Witness for the Prosecution

December 23, 2013

At the end of the 1957 classic Witness for the Prosecution there’s a brief message to the audience:

The management of this theatre suggests that for the greater entertainment of your friends who have not yet seen the picture, you will not divulge to anyone the secret of the ending of ‘Witness for the Prosecution’.

It was truly a more innocent age…

For reasons which need not concern you dear reader, I’ve been thinking about numbers as of late. There’s a common trope out there which states that since π is infinite and never repeats, every finite string of numbers you care to come up with occurs somewhere in π, simply because it is infinite and never repeats itself. I should point out right at the start that this is believed to be true by the majority of mathematicians, but it hasn’t been proven. It is certainly possible to create an irrational number which lacks this property. A favourite example is:


which is written in base-10, yet only uses zeroes and ones. Every subsequent group of zeroes and ones is one digit longer than the previous group, hence it never repeats and it is infinitely long. But no matter how far you search, you’ll never be able to find the string ‘492’ in this number. Similarly, we could take π and replace all the nines with zeroes:

Actual π:   3.1415926535897932384626433832795028841971693993751058209...
Modified π: 3.1415026535807032384626433832705028841071603003751058200...

No matter how far you search this new irrational, the string ‘492’ will never occur, yet the number is still just as infinite now as it was before we started dicking around with it.

I don’t think this logic is a shocking revelation, this stuff has been dealt with and is reasonably well understood in a post-Cantor world. The reason I bring it up is because —to me— it sounds like this argument is often trotted out by the multi-verse or infinite-universe crowd as proof of our non-uniqueness. If the universe goes on forever, then there must be infinitely many exact duplicates of Earth (where I am right now writing this exact same blog post) out there because you can only arrange a bunch of particles in so many ways. Is that really true, or is it only as inevitable as being able to find any finite string of symbols in an irrational number?

The Hydrogen Sonata

November 3, 2013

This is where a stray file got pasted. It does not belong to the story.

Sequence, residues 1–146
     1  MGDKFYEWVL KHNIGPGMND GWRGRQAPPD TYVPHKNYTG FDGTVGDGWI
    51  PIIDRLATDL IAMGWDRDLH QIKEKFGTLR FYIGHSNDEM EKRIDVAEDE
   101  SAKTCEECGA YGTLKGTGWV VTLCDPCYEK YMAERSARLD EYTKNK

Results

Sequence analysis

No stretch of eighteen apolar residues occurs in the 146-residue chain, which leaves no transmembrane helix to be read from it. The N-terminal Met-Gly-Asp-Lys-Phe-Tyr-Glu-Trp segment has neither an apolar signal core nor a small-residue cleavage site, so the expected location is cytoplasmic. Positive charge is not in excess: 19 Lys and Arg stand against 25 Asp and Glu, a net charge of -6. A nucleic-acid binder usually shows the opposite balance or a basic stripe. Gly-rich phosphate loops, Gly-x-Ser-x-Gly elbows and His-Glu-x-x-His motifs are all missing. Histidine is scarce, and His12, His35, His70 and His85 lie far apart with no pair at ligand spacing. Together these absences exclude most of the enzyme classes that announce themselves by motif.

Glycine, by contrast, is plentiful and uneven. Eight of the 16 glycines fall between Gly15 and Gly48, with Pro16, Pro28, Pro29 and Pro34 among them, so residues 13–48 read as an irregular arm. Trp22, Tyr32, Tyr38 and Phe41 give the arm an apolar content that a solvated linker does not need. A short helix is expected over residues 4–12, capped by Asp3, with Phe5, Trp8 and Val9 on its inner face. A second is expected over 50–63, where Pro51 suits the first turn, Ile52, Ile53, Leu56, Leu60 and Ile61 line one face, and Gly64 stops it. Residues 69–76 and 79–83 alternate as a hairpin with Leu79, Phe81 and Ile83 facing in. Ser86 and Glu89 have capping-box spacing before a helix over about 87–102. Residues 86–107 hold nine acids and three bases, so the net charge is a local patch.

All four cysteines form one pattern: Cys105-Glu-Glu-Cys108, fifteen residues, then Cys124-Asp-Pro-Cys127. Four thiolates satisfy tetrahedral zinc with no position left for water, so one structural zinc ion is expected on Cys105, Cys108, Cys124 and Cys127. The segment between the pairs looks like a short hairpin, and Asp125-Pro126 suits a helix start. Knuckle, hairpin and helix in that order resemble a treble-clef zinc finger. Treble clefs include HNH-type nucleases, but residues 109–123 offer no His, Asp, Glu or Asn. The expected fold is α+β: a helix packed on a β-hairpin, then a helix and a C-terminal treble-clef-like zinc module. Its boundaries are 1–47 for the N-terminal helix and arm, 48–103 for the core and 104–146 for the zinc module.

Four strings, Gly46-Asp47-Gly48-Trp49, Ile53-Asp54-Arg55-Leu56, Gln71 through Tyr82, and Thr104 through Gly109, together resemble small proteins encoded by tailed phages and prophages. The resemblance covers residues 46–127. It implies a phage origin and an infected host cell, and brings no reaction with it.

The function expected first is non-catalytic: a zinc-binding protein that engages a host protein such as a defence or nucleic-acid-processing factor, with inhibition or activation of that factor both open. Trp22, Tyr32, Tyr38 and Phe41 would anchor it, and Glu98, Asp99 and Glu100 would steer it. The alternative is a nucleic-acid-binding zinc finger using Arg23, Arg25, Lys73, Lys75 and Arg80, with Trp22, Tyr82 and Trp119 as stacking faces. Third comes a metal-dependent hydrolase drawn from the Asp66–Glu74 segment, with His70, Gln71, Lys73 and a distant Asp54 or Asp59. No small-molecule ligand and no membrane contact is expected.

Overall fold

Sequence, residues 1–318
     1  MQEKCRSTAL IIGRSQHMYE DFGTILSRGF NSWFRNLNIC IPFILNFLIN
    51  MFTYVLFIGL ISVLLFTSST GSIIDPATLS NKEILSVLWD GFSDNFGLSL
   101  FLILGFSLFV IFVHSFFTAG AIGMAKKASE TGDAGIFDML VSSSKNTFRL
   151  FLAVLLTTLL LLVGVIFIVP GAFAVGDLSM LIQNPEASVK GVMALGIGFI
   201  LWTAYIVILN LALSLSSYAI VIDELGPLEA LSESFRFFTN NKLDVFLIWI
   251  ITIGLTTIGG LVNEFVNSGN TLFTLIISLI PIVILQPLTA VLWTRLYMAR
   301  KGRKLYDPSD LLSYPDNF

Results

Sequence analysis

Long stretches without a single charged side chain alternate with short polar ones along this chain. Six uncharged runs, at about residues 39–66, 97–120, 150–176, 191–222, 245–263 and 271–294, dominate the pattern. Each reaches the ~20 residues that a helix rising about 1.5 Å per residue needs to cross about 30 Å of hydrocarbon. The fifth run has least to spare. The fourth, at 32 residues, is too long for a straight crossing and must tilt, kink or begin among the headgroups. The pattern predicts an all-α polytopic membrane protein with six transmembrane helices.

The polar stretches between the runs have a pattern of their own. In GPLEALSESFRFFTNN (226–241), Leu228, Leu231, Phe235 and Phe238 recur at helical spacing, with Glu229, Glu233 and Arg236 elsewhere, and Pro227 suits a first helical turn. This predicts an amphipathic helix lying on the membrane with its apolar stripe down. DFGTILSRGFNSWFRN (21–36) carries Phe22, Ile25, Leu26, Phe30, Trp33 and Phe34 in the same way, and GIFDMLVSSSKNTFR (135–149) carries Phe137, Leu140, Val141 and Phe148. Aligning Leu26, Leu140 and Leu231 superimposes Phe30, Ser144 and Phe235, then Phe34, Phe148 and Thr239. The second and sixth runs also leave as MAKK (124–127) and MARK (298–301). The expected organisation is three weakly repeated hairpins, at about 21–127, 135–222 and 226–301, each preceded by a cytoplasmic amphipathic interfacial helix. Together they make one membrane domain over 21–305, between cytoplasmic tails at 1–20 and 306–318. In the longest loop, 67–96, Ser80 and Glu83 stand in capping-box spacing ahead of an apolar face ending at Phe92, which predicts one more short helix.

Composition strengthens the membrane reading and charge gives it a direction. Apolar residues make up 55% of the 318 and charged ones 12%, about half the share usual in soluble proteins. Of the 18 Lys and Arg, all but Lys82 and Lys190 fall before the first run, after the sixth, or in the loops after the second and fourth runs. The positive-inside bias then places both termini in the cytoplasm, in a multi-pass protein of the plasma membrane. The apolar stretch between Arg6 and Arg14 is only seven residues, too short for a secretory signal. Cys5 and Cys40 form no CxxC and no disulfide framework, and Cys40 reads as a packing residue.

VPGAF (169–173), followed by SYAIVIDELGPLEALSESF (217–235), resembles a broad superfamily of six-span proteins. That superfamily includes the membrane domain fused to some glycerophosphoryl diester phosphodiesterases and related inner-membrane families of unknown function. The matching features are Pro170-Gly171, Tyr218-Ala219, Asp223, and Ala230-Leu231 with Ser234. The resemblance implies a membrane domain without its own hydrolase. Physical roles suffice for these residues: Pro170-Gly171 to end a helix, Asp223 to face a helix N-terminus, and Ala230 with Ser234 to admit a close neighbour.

My last week in Seattle at McNeel headquarters and I ran out of stuff to read. I found ‘The Hydrogen Sonata’ by Iain M. Banks in the local Barnes & Noble and decided to give Mr. Banks one more chance. I’ve read two of his books (Transition and Stonemouth) before and although he is clearly a gifted author it’s not the sort of (science) fiction I enjoy reading.

I haven’t gotten very far into The Hydrogen Sonata yet and I realise I may be missing large parts of the story as it is the tenth book in something called ‘The Culture Series’, but so far it’s —again— not my kind of story. Too many humanoid aliens, intragalactic travel far too easy, and lots of silly names like Gzilt, Eshri, Briper Drodj and Banstegeyn. I understand things need to have a name and you cannot really get around this when writing a story set in a galaxy densely populated with alien civilisations, but it adds a thin patina of ridiculousness to the whole endeavour in my opinion.

I did come across a scene that struck a chord with me, especially in light of the discussions sparked by one of my recent posts ‘Worrisome trends in architecture education‘. In this scene we learn something about the composer of a famous piece of music (long pauses represented by ellipses removed by me):

“I have no idea,” the old man said, smiling. “But the point is the Hydrogen Sonata is an elaborate, contrived attack on the sort of composition it represents. He […] hated clashing, atonal music. He was basically taking the piss, showing how easy it was to write … how difficult to listen to. Now the piece he’s most remembered for.” He shrugged again. “‘Such is fate,’ as they say.” He gazed out to sea for a moment, then added, “One should never mistake pattern for meaning.”

Iain M. Banks, The Hydrogen Sonata

Sound advice I’d say.

Today part 2 of my 2 part series on religious music. Yesterday I listed my six favourite religiously inspired musical compositions, today it’s all about holding up a critical mirror to that very same religion[1]. To qualify for this listing, a piece has to be musically up to snuff, funny or ironic rather than serious or angry and focus on either religious dogma or religious practice.